PerformanceThe long-term success of a business usually links directly to the staff. Staff need to have the right qualifications and experience, but they also need to have the right motivation, stimulation, and interest. Most staff will interact with the customer in some way, whether it is directly, or through research or administration. This means that the company is represented by each member of staff who has any dealings with the public. The HR role is imperative here because they will perform regular checks to analyse the health of the company – not using financials or deliverables, but by looking at the people. By identifying where there are problems in motivation, teamwork, or stimulation, the HR department can make recommendations to management on behalf of the staff. Team-building exercises, continued professional development (CPD) courses, office facelifts, and other benefits or perks are all ways to address problems facing the people in the office. By offering incentives like CPD, flexible hours, or team days, HR can find ways to train and develop skills and interests in employees and reward good results or attitudes. When staff feel valued enough to be invested in, their job satisfaction goes up and so does their productivity. As job satisfaction improves, employee-customer relationships improve too.
Legal AdvicePart of the HR role that is often overlooked is their role in staying up to date on workers rights, health and safety laws, and other business legalities. Because laws can change frequently and other departments need to stay focused on their tasks without trying to stay current with any changes, the HR department picks up the responsibility and helps the business stay protected from lawsuits. Through their knowledge and ongoing interest in business legal requirements, HR teams can help to eliminate the risk of lawsuits from potential employees, employees, and customers. This could take the form of:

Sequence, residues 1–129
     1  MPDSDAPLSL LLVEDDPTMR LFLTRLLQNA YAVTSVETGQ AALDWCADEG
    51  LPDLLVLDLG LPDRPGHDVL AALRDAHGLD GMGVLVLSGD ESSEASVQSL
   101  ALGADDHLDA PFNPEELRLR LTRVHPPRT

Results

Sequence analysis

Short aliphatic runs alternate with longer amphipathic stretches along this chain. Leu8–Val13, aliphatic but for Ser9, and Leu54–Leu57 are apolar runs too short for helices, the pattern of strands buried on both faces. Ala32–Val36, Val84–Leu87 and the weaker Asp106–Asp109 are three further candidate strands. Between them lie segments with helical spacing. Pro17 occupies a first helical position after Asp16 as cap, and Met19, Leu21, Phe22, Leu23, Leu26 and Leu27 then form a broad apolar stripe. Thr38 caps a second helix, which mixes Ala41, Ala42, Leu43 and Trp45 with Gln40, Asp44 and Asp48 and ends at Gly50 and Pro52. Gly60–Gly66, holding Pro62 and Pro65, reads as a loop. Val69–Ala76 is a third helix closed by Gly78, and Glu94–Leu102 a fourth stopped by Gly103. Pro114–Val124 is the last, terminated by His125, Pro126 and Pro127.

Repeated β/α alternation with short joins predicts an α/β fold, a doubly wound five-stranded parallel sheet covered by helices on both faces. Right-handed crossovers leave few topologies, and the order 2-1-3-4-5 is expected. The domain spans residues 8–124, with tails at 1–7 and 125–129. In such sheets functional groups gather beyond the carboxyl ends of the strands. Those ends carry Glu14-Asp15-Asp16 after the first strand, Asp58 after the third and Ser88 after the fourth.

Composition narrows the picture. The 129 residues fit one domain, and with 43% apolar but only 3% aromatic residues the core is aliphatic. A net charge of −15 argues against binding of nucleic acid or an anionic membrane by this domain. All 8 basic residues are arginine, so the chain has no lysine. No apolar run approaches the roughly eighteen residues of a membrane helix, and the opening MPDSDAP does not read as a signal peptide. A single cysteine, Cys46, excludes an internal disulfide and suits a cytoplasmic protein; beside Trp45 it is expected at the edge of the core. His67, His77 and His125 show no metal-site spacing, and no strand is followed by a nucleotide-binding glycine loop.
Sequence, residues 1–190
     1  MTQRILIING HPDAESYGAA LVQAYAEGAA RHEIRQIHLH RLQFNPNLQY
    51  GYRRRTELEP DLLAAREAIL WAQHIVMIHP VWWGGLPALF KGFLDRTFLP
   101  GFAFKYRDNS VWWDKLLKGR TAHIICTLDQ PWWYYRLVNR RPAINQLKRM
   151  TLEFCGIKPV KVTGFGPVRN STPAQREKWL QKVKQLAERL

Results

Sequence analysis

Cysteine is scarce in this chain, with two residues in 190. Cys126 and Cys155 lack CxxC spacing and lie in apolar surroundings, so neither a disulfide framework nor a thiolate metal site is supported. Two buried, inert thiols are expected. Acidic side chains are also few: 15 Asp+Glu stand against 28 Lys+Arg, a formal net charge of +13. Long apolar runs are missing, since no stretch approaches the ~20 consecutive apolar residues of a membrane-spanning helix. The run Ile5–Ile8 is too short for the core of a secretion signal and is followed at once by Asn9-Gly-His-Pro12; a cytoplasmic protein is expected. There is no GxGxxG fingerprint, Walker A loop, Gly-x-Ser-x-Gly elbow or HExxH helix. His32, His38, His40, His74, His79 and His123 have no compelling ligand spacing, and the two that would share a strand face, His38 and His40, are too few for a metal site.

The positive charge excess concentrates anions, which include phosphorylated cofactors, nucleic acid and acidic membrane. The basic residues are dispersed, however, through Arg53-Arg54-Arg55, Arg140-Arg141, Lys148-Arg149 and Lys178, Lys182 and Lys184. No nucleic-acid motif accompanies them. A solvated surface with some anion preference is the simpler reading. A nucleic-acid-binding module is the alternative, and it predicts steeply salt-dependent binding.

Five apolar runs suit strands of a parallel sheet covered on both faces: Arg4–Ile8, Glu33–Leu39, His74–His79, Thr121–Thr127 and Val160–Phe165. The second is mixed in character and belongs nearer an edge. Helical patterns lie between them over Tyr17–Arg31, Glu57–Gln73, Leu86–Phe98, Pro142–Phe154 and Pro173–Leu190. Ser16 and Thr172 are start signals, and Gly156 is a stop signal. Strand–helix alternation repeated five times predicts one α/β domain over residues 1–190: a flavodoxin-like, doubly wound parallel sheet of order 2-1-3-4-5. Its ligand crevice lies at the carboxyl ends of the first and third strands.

- Maintaining a fair and non-discriminatory hiring and firing process
- Following the correct channels for disciplinary hearings and retrenchments
- Setting limits on numbers of hours worked and other workplace laws and employee rights
- Establishing processes and training for proper health and safety in the workplace
- Staying vigilant for workplace bullying or inappropriate behaviour
- Data handling of sensitive information for both employees and customers
- Keeping insurance documents up to date to cover business needs
- Providing ongoing training where necessary for the job, such as first aid
Long-term planning and strategic thinkingMost HR executives are strategists at heart and have a knack for identifying potential problems, brainstorming solutions, and coming up with strategies to improve business models. This mindset is the reason many HR roles are part of a management team. When HR participates in strategic planning, their value increases for the company. Within a strategic planning environment, a good HR executive will prove themselves through assessments of the company with insights into both the business and the staff, projections of future opportunities and potential threats, and suggestions for successful business growth. When HR has a voice in management, changing human resource needs can be addressed early to avoid staff turnover, conflicts, or a decrease in productivity brought on by poor human resource management. All strategic outcomes are brought about by people, so it is vital in planning to be thinking about the people in your organisation and how new strategies or changes will influence them and vice versa. HR is the department responsible for training, supporting, and equipping the staff who will ultimately implement new strategies. A person who understands the people within the business as well as the business goals is indispensable in getting staff on board for any changes. If you have been considering outsourcing HR, remember that an outsourced HR executive will not have the knowledge and insights into your company and staff that an in-house HR employee has. You will lose the valuable input from an expert by failing to keep an HR executive on staff.